The shining jewel button
from my grandmother’s sweater;
small, quick hands
thread unravelled and then tucked away —
the shimmer kept safe (momentarily)
in my pocket. Feel the rub
of it against my palm all day.
Imagine its secret sparkle.
Wordless when she asks me
to search for the missing button.
It’s always something, she says,
and I understand this means more than I realize.
Stare, instead, at the bare expanse of wool
thread dangling, button missing,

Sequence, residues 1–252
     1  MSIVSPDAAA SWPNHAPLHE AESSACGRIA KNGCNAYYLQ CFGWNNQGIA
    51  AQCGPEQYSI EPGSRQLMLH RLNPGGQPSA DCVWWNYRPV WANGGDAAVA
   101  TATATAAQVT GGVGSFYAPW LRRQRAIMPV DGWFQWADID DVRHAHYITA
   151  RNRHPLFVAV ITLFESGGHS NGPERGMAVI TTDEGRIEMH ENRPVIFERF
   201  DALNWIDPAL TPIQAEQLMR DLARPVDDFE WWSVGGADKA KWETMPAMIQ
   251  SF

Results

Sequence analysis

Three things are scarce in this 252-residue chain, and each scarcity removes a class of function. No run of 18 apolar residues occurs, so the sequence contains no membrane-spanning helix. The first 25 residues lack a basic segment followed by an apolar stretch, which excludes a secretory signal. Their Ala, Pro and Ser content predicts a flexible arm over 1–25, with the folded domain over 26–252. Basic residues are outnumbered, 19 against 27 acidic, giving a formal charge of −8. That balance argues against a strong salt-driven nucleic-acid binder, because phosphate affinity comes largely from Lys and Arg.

You buried the poodle in the backyard,
under the apple tree, you said,
but everyone concerned about the fruit,
proximity to death.
Would the apples be mealy,
browned, rotten right through?
So, instead you found a quiet corner
and buried him late at night,
They slept and you dug,
foregoing shovel for bare hands
wanting the feel of the earth to be your last
memory of him.
Tiny coffin, plain wood.
All the memories: the booties,
the pale bonnet, the soft, worn blanket.
What would they have said,
watching the earth swallow the pine box?
There would be no marker,
no long, tearful elegy,
soon, no one left to remember,
only the mound of dirt,